At these Oakland restaurants, rallies of support are cut short by curfew

George Floyd's name is written on a boarded-up window at the Fox Theater in Oakland, Calif.
(Jeff Chiu / Associated Press)

On Monday, Alameda County issued a countywide curfew barring its residents from being outdoors in any public space from 8 p.m. each night until 5 a.m. the following day. The order, which was issued by the Alameda County Sheriff, was echoed later that day by Oakland Mayor Libby Schaaf, who announced a state of emergency and citywide curfew “until further notice.”

For many East Bay businesses still reeling from the closures and loss of sales caused by the coronavirus outbreak and pandemic, the curfew — which, according to Alameda County Sheriff Gregory Ahern, was “a result of civil unrest, violence, looting, arson and the destruction of personal and real property” — created yet another obstacle.

Chef Nelson German, owner of the restaurants alaMar Kitchen and Sobre Mesa in Uptown Oakland, noted an uptick in orders on Wednesday afternoon, as the local community rallied around his and other black-owned businesses in a show of solidarity. German decided to close his restaurants an hour early at 7 p.m., to allow his staff time to get home before the curfew went into effect.


“A lot of people were trying to order after 7 p.m. but I had to tell them that we were closed,” said German, whose restaurants are open only for takeout while shelter-in-place orders are in effect. “The majority of my staff is black, so I wanted to get them home, since it’s less safe for them to walk around right now.”

German and his co-owner and wife, May German, wrote letters for their staff members to carry that verified they were employees of the restaurant, and therefore essential workers, and printed pay stubs for them to present to police in case they were stopped for a curfew violation on their way home from work.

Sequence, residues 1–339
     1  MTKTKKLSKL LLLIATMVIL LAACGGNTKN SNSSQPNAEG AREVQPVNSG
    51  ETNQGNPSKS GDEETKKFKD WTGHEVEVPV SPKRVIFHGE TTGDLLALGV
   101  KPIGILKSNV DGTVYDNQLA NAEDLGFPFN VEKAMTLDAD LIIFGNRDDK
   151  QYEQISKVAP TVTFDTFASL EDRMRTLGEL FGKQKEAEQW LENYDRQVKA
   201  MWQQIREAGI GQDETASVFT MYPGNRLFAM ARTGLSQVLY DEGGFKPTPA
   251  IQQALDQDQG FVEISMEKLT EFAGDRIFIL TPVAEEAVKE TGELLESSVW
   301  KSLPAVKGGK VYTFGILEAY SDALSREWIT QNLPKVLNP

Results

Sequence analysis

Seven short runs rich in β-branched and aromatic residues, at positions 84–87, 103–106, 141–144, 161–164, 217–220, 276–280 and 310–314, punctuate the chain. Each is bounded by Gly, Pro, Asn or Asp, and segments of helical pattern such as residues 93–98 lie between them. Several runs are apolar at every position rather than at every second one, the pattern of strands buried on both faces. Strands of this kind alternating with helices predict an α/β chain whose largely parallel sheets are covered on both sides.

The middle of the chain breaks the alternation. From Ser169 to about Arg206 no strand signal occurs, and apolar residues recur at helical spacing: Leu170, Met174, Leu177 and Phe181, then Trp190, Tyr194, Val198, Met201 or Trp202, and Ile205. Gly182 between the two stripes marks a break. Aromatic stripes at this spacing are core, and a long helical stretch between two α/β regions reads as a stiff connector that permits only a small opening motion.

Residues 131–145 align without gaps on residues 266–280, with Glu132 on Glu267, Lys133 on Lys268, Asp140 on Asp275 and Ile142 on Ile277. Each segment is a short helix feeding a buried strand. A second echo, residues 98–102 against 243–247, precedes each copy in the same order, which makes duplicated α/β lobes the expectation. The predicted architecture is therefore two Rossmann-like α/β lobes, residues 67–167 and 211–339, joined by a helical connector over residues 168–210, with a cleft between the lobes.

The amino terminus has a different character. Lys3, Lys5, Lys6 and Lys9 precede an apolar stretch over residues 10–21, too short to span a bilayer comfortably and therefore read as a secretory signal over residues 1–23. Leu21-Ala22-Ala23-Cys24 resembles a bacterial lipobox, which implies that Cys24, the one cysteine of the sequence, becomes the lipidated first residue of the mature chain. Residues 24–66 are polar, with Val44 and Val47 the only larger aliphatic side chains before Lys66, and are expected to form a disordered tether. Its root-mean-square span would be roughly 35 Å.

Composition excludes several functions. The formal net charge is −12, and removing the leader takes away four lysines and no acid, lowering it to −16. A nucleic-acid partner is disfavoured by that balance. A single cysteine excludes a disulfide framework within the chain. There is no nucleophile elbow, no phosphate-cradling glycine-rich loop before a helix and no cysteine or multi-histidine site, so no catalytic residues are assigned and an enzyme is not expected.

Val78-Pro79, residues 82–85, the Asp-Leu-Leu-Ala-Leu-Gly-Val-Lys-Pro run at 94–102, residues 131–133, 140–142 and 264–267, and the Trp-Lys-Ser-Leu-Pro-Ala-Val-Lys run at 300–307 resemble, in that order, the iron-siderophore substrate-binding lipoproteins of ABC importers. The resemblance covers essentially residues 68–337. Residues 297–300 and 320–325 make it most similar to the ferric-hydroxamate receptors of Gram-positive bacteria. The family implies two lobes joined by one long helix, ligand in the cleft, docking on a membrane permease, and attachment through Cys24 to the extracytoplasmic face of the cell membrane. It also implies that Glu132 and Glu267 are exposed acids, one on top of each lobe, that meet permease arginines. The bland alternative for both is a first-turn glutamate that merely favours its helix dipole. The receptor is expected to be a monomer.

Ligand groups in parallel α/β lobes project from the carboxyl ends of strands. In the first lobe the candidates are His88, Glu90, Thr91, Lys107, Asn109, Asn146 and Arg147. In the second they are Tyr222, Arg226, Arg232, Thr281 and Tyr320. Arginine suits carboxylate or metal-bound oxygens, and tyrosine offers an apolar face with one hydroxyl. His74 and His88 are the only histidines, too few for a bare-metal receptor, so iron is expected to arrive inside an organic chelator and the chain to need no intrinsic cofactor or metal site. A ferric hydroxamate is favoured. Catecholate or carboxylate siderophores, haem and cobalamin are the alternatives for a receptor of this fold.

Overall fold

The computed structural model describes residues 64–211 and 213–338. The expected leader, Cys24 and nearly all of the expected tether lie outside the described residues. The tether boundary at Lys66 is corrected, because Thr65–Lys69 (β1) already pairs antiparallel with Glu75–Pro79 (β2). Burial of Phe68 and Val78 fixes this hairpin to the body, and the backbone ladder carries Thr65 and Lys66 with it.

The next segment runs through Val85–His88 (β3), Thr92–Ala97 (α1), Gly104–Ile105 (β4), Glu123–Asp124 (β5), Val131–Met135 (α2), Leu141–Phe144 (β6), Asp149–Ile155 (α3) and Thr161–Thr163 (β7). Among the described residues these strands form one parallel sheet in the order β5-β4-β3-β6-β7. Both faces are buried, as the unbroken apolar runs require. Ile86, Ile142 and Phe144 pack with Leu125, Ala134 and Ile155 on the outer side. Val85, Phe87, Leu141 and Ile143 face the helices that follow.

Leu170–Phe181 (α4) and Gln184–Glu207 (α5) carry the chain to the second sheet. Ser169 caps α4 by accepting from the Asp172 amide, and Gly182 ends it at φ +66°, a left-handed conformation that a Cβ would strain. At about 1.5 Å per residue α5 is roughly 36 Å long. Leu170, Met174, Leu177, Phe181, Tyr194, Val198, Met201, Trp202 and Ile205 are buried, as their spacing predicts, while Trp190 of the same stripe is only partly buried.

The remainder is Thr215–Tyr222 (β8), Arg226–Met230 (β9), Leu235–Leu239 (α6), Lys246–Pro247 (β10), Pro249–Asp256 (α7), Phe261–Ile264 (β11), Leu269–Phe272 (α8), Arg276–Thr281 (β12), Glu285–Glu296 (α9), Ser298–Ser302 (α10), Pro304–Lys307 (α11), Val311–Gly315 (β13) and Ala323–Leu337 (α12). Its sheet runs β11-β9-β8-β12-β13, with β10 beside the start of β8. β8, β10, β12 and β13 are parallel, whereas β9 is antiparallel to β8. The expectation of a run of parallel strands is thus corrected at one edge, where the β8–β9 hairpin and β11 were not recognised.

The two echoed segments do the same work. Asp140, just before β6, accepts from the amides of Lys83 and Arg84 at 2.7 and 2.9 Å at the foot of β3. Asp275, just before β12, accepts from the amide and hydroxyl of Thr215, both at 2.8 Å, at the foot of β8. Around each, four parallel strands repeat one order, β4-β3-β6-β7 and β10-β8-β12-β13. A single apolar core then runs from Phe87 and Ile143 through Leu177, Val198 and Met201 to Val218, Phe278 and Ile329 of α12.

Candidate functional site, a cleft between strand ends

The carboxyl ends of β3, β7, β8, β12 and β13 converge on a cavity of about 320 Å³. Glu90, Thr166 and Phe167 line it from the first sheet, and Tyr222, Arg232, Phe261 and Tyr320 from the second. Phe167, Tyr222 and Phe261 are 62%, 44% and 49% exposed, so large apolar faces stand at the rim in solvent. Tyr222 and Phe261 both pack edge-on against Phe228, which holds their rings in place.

“As a business owner, I understand both sides of the curfew issue. I don’t want looters taking advantage,” he said. Unlike some nearby businesses, Nelson decided not to cover his restaurants’ windows with plywood boards. Instead, he hung up handwritten signs that said “Proud to be Black-owned,” “#ReallyBlackOwned” and “#StandUnited.” His restaurants have not been damaged during the protests.

At 6:45 p.m. on Wednesday, as joggers circled Oakland’s Lake Merritt and residents laid out on picnic blankets to escape the heat of their apartments on one of the hottest days of the year, a crowd of more than 20 customers, all wearing face masks, gathered outside of Vegan Mob, a black-owned restaurant on Lake Park Avenue. But at 7 p.m., the order window was pulled closed and a restaurant staffer announced that, due to curfew, the restaurant wasn’t accepting new orders and would close two hours earlier than usual. Over the next 45 minutes, as the last customers waited for their orders to be fulfilled, 10 people approached the restaurant to place orders, only to be turned away.

On Wednesday the ACLU of Northern California sent letters to the counties of Alameda, Contra Costa, San Mateo and Napa, as well as the cities of Palo Alto and San Francisco, in protest of the curfews. Later that evening, the ACLU of Southern California sued Los Angeles city and county and the city of San Bernardino to end the curfews. On Thursday morning, Mayor Eric Garcetti announced that the city of Los Angeles was lifting its curfew. Alameda County and the city of Oakland followed suit on Thursday afternoon, but cities elsewhere in the country, including New York and Atlanta, are still under curfew.

“Curfews give police extra power to arrest and harass people exercising their First Amendment right to protest,” the ACLU of Northern California said via Twitter. “We’ve already seen too many times how over-policing leads to the brutalizing of black men and women.”